CCleaner, the popular file clean-up and performance optimization utility for Windows, has been hacked to spread malware to users of the 32-bit version. The breach was discovered by security researchers at Cisco Talos Group. They found that the hackers were able to inject the malware into the app by accessing the download servers used by the antivirus provider Avast (the parent company that owns CCleaner). “For a period of time, the legitimate signed version of CCleaner 5.33 being distributed by Avast also contained a multi-stage malware payload that rode on top of the installation of CCleaner,” writes the Talos team.
The malware allowed an infected system to be remotely controlled and collects data from your computer. “The compromise could cause the transmission of non-sensitive data (computer name, IP address, list of installed software, list of active software, list of network adapters) to a 3rd party computer server in the USA,” Piriform says in a statement issued on Monday.
The malware affects CCleaner version 5.33.6162 and CCleaner Cloud version 1.07.3191. According to Avast, about 2.27 million people ran the affected software. Luckily, the company is taking the necessary steps to correct the situation. In a blog post this morning, Piriform exec Paul Yung writes, “we’re moving all existing CCleaner v5.33.6162 users to the latest version. Users of CCleaner Cloud version 1.07.3191 have received an automatic update. In other words, to the best of our knowledge, we were able to disarm the threat before it was able to do any harm.”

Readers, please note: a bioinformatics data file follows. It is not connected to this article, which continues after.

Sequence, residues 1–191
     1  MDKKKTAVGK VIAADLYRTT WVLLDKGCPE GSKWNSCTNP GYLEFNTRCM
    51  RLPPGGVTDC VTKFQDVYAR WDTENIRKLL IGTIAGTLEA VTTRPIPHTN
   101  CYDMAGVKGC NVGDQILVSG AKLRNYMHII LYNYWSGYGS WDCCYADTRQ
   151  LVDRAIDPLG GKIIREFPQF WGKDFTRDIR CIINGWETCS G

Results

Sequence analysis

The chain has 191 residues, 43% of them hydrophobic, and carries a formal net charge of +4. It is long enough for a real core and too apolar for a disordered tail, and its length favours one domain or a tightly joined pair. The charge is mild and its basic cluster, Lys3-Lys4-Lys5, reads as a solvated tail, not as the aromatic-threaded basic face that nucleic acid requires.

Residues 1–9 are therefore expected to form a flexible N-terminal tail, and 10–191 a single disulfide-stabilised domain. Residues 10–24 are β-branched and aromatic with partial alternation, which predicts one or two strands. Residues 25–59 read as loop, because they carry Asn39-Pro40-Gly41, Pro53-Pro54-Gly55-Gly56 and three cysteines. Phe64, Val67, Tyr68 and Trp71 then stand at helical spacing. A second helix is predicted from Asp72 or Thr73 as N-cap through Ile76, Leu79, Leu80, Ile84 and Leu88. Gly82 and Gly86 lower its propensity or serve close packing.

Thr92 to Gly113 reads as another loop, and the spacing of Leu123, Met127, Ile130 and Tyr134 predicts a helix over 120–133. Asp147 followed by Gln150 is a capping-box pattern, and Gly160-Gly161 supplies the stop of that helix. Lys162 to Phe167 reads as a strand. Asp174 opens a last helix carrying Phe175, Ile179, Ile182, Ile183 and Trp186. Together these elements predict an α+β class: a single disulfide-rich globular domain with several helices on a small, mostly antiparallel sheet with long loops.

Check Your Version of CCleaner
To determine the version of CCleaner you are currently running simply launch the application and check the version number on the upper-left of the app next to the logo. The current non-compromised version at the time of this writing is 5.34.6207.
If you haven’t run CCleaner in a while you will probably get a message, similar to the one shown below, that alerts you to an available update.
Note that the Android version was not affected. Only the 32-bit version for Windows was compromised. If you’re running the 64-bit version, you should be fine – but it wouldn’t hurt to check for an update.